AA also plays a role in the hormonal regulation of bone formation in developing infants. During development, eicosanoids produced by AA relay signals that balance calcium and phosphate levels which are required for building bones [10].

Another product of AA, prostaglandin PGE2, is a strong regulator of cartilage formation. It also promotes bone formation by increasing the production of a protein (insulin-like growth factor), which powerfully stimulates the growth of bones, cartilage, and muscles. Although at high levels PGE2 may actually reduce bone formation (animal and cell studies) [10].

Brain Function

The human brain contains 60% fat which requires AA for its growth and function. AA is the most abundant fatty acid in the brain and rapidly accumulates during development [10, 23].

Using brain cells, researchers concluded that AA promotes cell survival and enhances the growth of neurons [10, 23, 24].

Immune System

AA may potentially play a role in maintaining the health of infants through its effects on the immune system. Compounds (eicosanoids) produced by AA regulate the inflammatory response [10, 25, 26].

2) Physical Performance

Arachidonic acid supplementation (1 g/day) increased energy levels (anaerobic capacity) and reduced inflammation but had no significant effects on muscle mass or strength in 31 resistance-trained males [27].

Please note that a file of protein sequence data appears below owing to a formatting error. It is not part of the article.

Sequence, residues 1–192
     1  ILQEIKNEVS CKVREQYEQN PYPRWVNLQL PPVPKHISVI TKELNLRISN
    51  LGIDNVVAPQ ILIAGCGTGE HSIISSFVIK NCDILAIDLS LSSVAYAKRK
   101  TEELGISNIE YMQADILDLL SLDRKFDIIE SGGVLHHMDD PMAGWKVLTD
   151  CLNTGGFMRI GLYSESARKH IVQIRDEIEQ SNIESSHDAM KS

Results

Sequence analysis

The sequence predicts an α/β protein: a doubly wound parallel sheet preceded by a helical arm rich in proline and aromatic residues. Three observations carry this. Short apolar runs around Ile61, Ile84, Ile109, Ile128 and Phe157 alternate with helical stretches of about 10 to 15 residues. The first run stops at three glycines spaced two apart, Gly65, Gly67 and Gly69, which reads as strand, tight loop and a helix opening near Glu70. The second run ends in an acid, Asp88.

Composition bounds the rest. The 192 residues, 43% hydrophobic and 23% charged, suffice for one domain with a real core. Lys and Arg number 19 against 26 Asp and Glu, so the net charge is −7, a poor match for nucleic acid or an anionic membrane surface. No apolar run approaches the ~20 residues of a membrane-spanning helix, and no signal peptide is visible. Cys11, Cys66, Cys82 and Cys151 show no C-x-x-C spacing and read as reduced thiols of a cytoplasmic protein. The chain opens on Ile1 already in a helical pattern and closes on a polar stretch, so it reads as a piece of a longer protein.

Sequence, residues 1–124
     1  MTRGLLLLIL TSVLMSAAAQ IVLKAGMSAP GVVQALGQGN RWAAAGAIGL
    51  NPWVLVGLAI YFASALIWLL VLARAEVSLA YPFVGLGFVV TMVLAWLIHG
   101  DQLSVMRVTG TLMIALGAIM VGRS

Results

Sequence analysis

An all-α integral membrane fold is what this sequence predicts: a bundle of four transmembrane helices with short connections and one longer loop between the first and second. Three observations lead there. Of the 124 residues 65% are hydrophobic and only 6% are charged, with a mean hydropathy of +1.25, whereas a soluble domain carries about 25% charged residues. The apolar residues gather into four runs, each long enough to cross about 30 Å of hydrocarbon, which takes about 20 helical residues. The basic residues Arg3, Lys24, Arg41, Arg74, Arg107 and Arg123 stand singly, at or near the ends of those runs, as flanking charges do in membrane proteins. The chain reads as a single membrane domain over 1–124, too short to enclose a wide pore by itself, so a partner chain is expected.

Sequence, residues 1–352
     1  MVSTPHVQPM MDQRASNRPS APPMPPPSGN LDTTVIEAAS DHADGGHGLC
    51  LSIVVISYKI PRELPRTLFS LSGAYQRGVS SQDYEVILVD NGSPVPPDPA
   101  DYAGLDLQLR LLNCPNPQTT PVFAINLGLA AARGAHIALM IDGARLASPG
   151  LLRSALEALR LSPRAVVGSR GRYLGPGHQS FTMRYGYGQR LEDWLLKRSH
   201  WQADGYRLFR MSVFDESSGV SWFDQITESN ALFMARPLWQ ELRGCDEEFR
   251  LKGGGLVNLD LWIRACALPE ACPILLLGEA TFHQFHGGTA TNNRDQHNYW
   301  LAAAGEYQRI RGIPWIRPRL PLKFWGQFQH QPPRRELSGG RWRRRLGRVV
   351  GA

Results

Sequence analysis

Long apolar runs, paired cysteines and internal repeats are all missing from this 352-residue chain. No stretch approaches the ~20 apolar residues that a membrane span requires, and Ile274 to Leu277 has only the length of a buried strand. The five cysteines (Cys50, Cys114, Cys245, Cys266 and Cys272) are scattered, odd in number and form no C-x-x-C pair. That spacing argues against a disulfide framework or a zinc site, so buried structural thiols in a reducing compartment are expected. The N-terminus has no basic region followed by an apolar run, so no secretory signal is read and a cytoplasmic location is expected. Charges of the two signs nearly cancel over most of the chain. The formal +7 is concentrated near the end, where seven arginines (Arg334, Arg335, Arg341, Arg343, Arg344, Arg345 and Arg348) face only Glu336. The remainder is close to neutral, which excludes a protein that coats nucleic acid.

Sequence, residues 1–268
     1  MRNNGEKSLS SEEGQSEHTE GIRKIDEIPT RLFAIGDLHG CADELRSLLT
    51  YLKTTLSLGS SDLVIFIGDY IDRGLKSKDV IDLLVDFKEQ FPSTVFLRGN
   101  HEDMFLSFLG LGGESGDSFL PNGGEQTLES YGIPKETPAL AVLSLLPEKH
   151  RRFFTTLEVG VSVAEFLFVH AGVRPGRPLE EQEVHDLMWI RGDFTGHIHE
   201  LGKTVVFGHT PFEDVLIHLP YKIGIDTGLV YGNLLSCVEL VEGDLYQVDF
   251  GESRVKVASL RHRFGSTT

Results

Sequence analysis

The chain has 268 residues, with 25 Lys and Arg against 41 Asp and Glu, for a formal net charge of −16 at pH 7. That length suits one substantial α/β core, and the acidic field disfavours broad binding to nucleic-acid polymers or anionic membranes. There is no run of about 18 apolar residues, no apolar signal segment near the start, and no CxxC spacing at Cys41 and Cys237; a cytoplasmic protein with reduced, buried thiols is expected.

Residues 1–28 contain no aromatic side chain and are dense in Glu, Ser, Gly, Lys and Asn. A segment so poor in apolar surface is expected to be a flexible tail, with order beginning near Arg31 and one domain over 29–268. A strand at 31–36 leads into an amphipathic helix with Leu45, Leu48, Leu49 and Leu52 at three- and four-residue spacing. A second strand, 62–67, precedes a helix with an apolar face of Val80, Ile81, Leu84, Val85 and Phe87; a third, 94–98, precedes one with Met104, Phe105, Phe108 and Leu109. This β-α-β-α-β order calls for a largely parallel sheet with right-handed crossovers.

In another study, 30 strength-trained males were supplemented with AA (1.5 g/day) or a placebo for 8 weeks. In the AA group, there was an increase in lean body mass, upper-body strength, and peak power. The authors concluded that more long-term studies should be conducted with AA supplementation [6].

A common assertion of AA supplementation is that it causes muscle inflammation, but a study involving 20 healthy males showed this is not always the case. Additionally, AA supplementation (1.5 g/day) for four weeks had positive effects on the development and fat levels of muscles [28].

3) Anti-Parasitic Defence

Two studies evaluated the effectiveness and safety of arachidonic acid (AA) in the treatment of parasites (Schistosoma mansoni) in 334 otherwise healthy school children in Egypt.

When supplemented with AA (10 mg/kg per day for 15 days) alone, a moderate number of the students were cured (65% and 30%) [29, 8].

But when AA supplementation was combined with an anti-parasitic drug (praziquantel), cure rates significantly improved (91% and 72%). The cure rates were higher than with praziquantel alone (85% and 45%) [29, 8].

Animal Studies

The following studies were conducted only on animal models, and their results may not translate to humans.

4) Brain Protection

Arachidonic acid and its products are involved in a wide array of functions in the brain, including signal transmission, neurotransmitter release, brain cell (neuronal) gene expression, blood flow to the brain, sleep/wake cycle, and appetite [30, 10].

Abnormal metabolism of AA is implicated in a number of brain and psychological disorders such as epilepsy, stroke, Alzheimer’s, Parkinson’s, schizophrenia, and mood disorders (based on animal and cell studies) [30, 10].

5) Liver Protection

Supplementation with an oil rich in arachidonic acid significantly reduced liver damage in ethanol-treated rats [31].